Vitamin D insufficiency reduces insulin sensitivity by changing the function of the cells that produce insulin in the pancreas. In other words, to produce insulin properly, you need enough vitamin D. The benefits of vitamin D for insulin sensitivity are really clear in this study: pregnant women who took a vitamin D supplement had better insulin sensitivity than women who were similar in other ways but didn’t get a supplement.
Vitamin D is also important for thyroid hormones. Even in healthy people, seasonal fluctuations in vitamin D affect levels of thyroid stimulating hormone (TSH), and vitamin D deficiency is associated with autoimmune thyroid disorders. A study on healthy subjects found that vitamin D supplementation enough to raise vitamin D levels to at least 125 nmol/L reduced symptoms of hypothyroidism (in people who already had it) and the risk of developing hypothyroidism (in people who didn’t). The researchers concluded that “Vitamin D supplementation may offer a safe and economical approach to improve thyroid function and may provide protection from developing thyroid disease.”
4. Red meat
Why red meat in particular? For one thing, just like butter, red meat is rich in saturated fat. But there are two extra reasons why red meat is good for hormone health: the B vitamins and the zinc.
B vitamins have been linked again and again and again to better insulin sensitivity. In this study, researchers found that folate and B12 supplements reduced insulin resistance and improved insulin function in patients with metabolic syndrome. And it’s not just B12. Some research has linked deficiency of folate to hyperthyroid disorders, and vitamin B6 also helps to regulate the activity of genes that respond to dozens of different hormones.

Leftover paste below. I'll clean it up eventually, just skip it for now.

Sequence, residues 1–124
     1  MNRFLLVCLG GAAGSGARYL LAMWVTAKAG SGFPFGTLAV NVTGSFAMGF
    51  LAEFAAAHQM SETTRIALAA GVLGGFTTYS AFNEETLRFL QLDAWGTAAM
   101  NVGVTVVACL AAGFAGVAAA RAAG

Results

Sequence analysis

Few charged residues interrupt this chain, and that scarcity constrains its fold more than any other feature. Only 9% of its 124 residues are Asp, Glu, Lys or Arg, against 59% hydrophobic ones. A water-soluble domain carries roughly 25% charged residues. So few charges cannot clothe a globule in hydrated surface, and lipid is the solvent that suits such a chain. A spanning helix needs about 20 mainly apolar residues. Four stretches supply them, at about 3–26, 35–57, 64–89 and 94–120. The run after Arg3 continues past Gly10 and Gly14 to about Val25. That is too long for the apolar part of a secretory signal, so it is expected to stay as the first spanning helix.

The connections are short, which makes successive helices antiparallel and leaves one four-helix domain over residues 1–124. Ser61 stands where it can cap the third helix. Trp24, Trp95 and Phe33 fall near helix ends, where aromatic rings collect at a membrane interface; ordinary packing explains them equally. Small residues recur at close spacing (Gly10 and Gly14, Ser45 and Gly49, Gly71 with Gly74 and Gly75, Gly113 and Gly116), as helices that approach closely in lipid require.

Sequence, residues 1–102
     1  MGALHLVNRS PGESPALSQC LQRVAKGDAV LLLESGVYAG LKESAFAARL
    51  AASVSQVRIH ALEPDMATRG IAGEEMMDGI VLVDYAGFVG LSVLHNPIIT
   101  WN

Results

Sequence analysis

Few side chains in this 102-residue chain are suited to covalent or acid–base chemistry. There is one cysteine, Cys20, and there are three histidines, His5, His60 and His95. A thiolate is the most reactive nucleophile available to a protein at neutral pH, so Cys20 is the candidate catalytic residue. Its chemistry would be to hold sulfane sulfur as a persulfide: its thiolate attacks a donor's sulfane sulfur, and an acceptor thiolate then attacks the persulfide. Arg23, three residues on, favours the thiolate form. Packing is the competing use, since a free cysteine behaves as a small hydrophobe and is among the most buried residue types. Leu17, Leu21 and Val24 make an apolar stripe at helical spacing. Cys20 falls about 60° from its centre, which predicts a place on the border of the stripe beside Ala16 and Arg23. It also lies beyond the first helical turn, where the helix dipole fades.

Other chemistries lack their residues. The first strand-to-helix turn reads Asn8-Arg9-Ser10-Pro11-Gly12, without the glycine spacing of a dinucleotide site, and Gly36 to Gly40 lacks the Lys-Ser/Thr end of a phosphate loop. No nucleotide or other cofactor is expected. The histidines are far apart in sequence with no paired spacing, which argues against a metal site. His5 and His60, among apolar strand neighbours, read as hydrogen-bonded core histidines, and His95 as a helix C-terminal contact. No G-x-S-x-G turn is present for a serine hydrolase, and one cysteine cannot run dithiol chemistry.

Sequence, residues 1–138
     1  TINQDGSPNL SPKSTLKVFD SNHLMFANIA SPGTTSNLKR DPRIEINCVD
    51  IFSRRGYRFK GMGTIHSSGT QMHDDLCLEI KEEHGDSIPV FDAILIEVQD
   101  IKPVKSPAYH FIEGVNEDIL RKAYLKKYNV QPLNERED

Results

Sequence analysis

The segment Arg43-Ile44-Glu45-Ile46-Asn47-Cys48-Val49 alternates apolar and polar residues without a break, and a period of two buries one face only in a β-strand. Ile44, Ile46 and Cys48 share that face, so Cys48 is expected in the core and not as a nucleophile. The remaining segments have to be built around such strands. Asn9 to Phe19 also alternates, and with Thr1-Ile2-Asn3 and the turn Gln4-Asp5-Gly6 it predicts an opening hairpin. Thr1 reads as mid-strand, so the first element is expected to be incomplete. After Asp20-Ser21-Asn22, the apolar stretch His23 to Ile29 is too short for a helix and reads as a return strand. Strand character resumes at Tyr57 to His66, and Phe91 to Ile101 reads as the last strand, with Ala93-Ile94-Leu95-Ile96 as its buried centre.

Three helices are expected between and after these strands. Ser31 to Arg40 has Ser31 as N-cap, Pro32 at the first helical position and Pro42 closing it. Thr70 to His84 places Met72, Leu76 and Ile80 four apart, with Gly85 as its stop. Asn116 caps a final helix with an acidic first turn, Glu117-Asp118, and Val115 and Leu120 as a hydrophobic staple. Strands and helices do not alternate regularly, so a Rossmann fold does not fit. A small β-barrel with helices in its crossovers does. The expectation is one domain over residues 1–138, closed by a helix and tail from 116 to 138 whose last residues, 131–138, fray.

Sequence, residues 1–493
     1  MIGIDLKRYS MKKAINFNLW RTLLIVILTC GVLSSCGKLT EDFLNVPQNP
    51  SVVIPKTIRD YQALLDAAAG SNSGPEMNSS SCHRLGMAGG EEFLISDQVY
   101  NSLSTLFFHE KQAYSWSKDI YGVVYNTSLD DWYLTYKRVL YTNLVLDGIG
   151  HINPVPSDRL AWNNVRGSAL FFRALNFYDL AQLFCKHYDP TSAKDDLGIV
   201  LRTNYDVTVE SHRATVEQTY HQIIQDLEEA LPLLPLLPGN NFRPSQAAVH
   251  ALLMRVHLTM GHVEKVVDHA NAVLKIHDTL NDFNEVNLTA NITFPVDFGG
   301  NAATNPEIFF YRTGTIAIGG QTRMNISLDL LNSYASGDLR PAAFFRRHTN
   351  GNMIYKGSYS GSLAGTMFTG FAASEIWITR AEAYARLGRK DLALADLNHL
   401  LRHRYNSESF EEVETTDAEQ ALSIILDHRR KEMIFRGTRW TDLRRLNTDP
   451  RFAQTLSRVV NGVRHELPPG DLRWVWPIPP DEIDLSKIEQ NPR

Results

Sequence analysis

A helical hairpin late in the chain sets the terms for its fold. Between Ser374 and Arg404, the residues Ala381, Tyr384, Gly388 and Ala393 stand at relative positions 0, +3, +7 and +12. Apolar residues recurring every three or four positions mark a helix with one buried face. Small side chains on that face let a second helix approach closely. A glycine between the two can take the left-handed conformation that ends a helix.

On top of the B vitamins, beef and lamb, the two most popular types of red meat in the US, are rich in the mineral zinc. Zinc supplementation reduces insulin resistance and may also be helpful for thyroid health.
5. Fish (and other seafood)
Fish technically have some vitamin D, but not really enough to satisfy most people’s needs (unless you’re eating lots of high-fat fish regularly, which would be really healthy but isn’t realistic for most people).
What fish do have, even in regular dietary amounts, are Omega-3 fats. Omega3s help prevent insulin resistance in your muscles and improve your ability to store carbs in the muscles (instead of storing them as fat). Eating fatty fish rich in omega-3s (but not lean fish) improves the insulin response to blood sugar in human subjects.
Fish and other sea foods (seaweed is especially good!) are also rich in iodine. Iodine is essential for thyroid hormone production, and iodine deficiency stops you from making enough thyroid hormone (this is particularly critical during pregnancy). Megadoses of iodine aren’t helpful , but getting enough of it from diet should be a priority.
It’s Not About a Magic Food
Lists of “X foods for Y problem” can sometimes give the impression that adding or replacing specific individual foods will revolutionize your health. But if you scan back up that list of foods, the big picture is “high-quality animal foods, healthy fats, and gut support.” The point here isn’t to point out five magic foods (or even worse, a dozen magic nutrients). It’s about pointing out a diet pattern that has benefits for insulin sensitivity, thyroid hormone health, and cortisol regulation.
To that end, one more study. In this study, researchers put children with mild hypothyroidism on a special diet emphasizing “green vegetables, beef, full fat milk, and butter.” After 3 months of this, the kids had normalized levels of thyroid-stimulating hormone and improved their thyroid function. That’s an even more dramatic improvement than any of the studies above, because it wasn’t just one food: the kids had a solid overall dietary pattern full of hormone-healing foods.
So…anyone up for some steak with butter? You know, for your health!